The Oklahoma City Thunder and Miami Heat might be the toughest NBA Finals to call in quite some time. They are alternately very similar and quite different. They each boast a 1-2 punch that can be both explosive and inconsistent. But, as usual, this will be a series that comes down to match-ups, and I think the enough match-ups fall on OKC’s side of things.
When Miami has the ball, I expect OKC to put Thabo Sefolosha on Dwyane Wade in an effort to mimic the Celtics plan to limit Wade and the rest of the group in hopes of keeping Miami’s scoring in check. Remember, in that monster Game 6 performance by LeBron James, the Heat still didn’t score 100 points. So it’s possible to let him have an historic game but still keep within striking distance. I’d let Kevin Durant handle LeBron James 1-on-1 and deal with the consequences. Put Westbrook on Chalmers, Serge Ibaka on Shane Battier and Perkins on Chris Bosh.
In a best-case scenario for OKC, Durant plays off LeBron, dares him to shoot, and uses his length to bother the shot. Sefolosha is good enough to limit Wade, Ibaka’s length bugs Battier and Bosh is flustered by Perkins’ physicality. In a worst-case scenario, Bosh and Battier spread the floor, leaving wide open lanes for LeBron to abuse the rim or drive-and-dish. If Battier and Bosh get hot, watch out.
When OKC has the ball, Wade would have to guard Westbrook, with LeBron on Durant, Chalmers on Sefolosha, Battier on Ibaka and Bosh on Perkins. In the best-case for Miami in that scenario is that LeBron bodes up Durant and forces him to take a lot of shots to get his point while Wade keeps Westbrook at bay. The worst case is someone else goes off like Sefolosha did in Game 3 against the Spurs.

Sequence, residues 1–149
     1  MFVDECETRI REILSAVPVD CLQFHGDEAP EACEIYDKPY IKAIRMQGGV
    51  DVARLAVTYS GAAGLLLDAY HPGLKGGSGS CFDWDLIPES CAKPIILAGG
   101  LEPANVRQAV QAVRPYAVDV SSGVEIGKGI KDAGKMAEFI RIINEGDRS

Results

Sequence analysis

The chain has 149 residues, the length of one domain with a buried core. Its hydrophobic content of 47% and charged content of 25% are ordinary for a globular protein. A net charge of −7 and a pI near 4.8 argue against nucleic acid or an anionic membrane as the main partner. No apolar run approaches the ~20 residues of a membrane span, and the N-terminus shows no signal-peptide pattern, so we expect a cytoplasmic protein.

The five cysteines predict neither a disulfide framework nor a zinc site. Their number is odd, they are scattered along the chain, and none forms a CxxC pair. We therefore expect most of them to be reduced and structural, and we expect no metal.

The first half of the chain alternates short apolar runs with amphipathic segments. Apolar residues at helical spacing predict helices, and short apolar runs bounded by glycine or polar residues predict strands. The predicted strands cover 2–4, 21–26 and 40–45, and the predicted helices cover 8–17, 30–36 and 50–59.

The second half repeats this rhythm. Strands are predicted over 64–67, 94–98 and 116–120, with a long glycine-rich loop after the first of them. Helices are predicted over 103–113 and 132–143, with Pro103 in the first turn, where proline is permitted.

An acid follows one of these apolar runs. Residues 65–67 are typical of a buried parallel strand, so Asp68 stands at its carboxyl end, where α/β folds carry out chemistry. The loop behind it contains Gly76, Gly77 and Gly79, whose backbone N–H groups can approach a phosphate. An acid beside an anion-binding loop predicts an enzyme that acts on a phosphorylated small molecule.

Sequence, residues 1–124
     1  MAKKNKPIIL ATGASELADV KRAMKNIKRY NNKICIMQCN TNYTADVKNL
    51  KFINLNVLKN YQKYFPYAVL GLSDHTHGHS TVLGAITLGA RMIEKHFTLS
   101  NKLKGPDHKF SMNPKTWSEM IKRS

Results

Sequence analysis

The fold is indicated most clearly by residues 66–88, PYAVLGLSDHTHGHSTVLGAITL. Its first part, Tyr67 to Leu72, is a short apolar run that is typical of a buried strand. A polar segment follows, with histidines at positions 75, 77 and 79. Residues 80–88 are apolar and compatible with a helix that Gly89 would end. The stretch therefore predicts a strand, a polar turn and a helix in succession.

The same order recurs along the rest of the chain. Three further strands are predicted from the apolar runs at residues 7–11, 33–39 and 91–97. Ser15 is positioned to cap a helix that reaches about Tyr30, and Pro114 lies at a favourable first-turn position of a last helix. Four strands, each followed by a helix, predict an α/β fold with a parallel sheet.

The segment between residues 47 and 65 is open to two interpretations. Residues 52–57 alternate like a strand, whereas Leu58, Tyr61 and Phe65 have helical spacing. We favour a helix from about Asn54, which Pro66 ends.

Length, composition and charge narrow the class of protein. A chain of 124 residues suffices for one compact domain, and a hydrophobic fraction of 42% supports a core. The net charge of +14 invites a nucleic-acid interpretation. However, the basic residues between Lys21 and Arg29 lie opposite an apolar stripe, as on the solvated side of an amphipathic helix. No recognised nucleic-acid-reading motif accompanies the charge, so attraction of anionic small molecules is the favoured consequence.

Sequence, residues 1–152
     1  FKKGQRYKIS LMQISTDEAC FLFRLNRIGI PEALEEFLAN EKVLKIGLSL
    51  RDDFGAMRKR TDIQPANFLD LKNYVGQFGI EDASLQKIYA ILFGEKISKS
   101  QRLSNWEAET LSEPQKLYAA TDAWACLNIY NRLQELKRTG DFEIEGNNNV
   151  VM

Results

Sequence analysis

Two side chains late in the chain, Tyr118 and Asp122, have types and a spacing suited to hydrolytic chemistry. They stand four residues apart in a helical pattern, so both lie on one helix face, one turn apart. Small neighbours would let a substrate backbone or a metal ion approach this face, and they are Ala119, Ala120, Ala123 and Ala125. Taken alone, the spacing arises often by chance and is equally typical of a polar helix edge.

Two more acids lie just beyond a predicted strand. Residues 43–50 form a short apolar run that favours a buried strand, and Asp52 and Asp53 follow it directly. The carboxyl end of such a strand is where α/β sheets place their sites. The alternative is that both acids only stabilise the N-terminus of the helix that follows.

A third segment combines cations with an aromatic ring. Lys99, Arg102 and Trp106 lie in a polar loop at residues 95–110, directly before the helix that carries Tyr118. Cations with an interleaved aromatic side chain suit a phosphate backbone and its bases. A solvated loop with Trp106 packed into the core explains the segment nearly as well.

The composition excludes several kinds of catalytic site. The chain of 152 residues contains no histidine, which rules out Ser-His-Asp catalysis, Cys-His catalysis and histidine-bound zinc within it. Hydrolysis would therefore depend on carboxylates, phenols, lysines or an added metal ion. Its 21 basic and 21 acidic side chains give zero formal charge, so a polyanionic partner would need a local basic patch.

That’s all, of course, when the starters are in the game. But what happens when it comes time to close?
Now OKC brings in James Harden. And that’s going to force Miami to make a decision. And I don’t think it’s something they’ll be able to conquer. Because with Harden in the game, someone is going to have to help. He’s a play maker, and being on the floor with Westbrook and Durant gives OKC too many option for the Heat to handle. Miami doesn’t have the personnel to deal with that fourth quarter line up. Either Harden or Westbrook will have openings.
As for that LeBron/Durant match-up. I like Durant’s length in this match-up over LeBron’s strength. Durant is a better shooter than LeBron, while LeBron is a better penetrator than Durant. You can figure out a way to help on drives… you can’t really help when a guy with a height advantage and can hit shots over you.
Mind you, I while I like these advantages, I like them by very slim amounts. The only clear match-up issue is James Harden, and that’s enough for me to think someone else will take advantage of it. I’ve got a hunch it’ll be Russell Westbrook who closes most spectacularly. I think he takes advantage of Miami’s weakness like Rajon Rondo did, but with more explosive finishes. Throw in a very important home-court advantage (I love the Garden fans, but I don’t think any team feeds off its crowd quite like the Thunder do), and I like the Thunder in 7.